Before we fitted the next plank, the previous one needed bevelling to ensure the lap between the planks was as tight as possible – while this boat won’t see the water, it would look better and be stronger. With this done along its length the next plank could be added – screwed at bow and stern and riveted in between.
Ribs would later be added, but we riveted the planks together, leaving space for the frames.
Copper riveting – how to fasten clinker planking
Fastening a clinker boat is a labour-intensive process, even on a small boat like this. It took a lot of practise to get the process perfected, but once we’d got the hang of it we were able to secure the planks together swiftly and easily.
1. Drill pilot hole.
2. Drive rivet in with a punch.
3. Place the rove over the rivet, and knock home with a rove punch, while holding the rivet head with a backing iron (or lump hammer, in my case)
4. Using cutters, nip off the excess length of rivet.
5. Peen over the end of the rivet with a peening hammer. The aim is to smooth the rivet end and secure the rove.
Each plank needed to be bevelled to ensure a good fit, but with the rivets pulling them tightly together, the beautiful shape of the boat began to emerge.
I left the aft end of each plank over-long, to be cut off flush with the transom once the planking was complete.
The final plank, on the sheerline, was important to get right – a wobbly or wrong sheerline can completely spoil the look of a boat. By looking at it from all angles, I used a spokeshave to remove any wobbles.
The final plank in a wooden boat is known as the Whisky Plank, so we toasted its completion with a wee dram – very welcome as by now it was mid-winter and the baby’s arrival date was approaching fast!
Steaming the frames
The frames were next to be installed. These were 3⁄16in oak – stiff and unyielding until steamed, when they could easily be bent to take up the almost 90° curve needed to match the hull shape. After their spell in the steam pipe, they could be removed, rapidly cooling, with gloved hands, before one end was pushed against the keel and the rest bent quickly to shape. These were clamped at the sheerline, before being riveted at each plank lap.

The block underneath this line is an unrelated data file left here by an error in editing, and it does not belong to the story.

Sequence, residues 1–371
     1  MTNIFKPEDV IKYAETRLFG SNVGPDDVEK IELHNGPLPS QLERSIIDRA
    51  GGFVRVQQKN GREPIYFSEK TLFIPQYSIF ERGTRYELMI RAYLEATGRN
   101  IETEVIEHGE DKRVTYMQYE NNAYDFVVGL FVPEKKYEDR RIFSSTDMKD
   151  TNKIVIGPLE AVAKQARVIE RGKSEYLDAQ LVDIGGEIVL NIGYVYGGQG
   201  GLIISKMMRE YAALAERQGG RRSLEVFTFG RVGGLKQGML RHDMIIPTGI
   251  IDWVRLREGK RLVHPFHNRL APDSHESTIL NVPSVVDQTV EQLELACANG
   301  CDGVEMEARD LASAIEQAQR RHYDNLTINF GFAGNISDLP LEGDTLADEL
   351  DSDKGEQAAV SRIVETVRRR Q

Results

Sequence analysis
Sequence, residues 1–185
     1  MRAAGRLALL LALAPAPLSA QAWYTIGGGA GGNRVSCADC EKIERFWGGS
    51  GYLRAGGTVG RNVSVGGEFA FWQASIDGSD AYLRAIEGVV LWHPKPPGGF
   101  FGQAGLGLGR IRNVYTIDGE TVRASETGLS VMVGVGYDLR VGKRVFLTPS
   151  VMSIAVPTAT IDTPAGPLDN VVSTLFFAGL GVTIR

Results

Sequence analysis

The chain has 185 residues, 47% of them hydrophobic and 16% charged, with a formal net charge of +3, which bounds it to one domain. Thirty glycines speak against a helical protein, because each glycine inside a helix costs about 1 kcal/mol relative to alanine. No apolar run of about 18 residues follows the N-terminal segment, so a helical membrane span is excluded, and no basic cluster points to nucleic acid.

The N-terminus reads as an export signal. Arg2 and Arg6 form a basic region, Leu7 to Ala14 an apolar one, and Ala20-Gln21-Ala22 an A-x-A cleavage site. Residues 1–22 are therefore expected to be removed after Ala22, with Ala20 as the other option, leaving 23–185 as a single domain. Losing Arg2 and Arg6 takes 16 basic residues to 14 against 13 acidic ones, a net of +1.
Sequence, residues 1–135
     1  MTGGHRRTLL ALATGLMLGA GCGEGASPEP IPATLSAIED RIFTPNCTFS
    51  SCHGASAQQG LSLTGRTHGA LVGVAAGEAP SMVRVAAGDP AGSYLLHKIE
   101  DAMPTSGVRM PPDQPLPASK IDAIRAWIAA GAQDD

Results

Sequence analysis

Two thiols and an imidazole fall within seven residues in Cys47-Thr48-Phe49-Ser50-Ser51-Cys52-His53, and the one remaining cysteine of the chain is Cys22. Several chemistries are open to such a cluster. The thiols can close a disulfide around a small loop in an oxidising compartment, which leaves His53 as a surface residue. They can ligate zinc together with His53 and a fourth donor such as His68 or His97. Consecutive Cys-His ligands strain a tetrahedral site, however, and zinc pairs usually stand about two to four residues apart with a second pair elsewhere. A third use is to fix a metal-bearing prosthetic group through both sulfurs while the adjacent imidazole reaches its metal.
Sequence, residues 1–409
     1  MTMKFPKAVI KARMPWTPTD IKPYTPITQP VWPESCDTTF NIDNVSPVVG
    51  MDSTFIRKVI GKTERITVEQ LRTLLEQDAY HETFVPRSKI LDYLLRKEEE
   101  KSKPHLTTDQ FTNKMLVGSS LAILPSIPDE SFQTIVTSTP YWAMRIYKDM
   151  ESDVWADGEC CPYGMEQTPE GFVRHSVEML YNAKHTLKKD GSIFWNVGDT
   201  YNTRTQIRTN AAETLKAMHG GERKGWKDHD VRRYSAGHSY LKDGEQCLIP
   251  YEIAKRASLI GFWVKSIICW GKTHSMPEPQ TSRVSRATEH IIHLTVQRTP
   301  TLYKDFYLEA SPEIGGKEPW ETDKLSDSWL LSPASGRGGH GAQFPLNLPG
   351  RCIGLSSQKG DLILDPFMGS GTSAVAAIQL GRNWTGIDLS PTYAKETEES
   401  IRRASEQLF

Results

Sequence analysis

After the frames, the breasthook and quarter knees could be installed. Here, the bench sander proved its worth, able to quickly and accurately shape any bevel – and I was delighted with the fit. We added a strip of dark Sapele to the middle of the two-piece breasthook for effect – and these were screwed and glued into place.
The final pieces of framing were the gunwales and inwales. The inwales were slender timber, and after steaming could be easily added to notches cut in knees and breasthook, but the gunwales were too chunky for this. In the end we cut the sheerline shape into some wide oak that could then be steamed into place and secured with long rivets through gunwale, frame, planking and inwale.
After this, we moved on to tidying up. The overlong frames and planks could be trimmed to size with a Japanese pull saw, and tidied up with block plane and sanding block.
Everything then needed a good sand, screw holes needed plugging and edges rounding. The peened roves needed some tidying up to remove any sharp edges, and I did this by countersinking a short length of 1⁄4in steel rod which, when put in a drill, polished them up nicely.
The real finishing touches came with the davits. These, again, had full size plans, and the uprights were made from three layers of wood – ash on the outside and sapele on the inside for contrast.
A sheave is hidden inside the ‘crane’ of each one, with a the uphaul lines running through a hole and terminating on a pair of bronze cleats bought second-hand from a chandlery.
I spliced three-strand line on to the tender – a 2:1 block at the bow and a block with bridle at the stern. A crossbeam held the uprights together, secured with brass pins knocked through.
Finally, two weeks before baby’s due date, I could start varnishing. This was not ideal – it was mid-winter now – but with little choice, I applied five coats of varnish to the boat and davits, moving the whole construction into our living room to dry properly once I’d applied the final coat.
To make things safe for the baby, we cut down an IKEA cot mattress on the bandsaw so that it fitted perfectly inside the cradle boat. My mum made a set of bumpers – made from mesh covered in cotton – to avoid any bumps but still allow breathing – and the final touch was to add a spliced line from keel to davit crosspiece to limit the swing of the boat and to prevent capsize.
Phew – finished just in time – and a beautiful, if rather large, piece of furniture took up residence in the living room, ready to receive its first occupant.
I thoroughly enjoyed the build process, learned a lot, and was heartily relieved to have completed it in time – especially as my daughter outgrew it after six months…
Originally published in PBO Jul19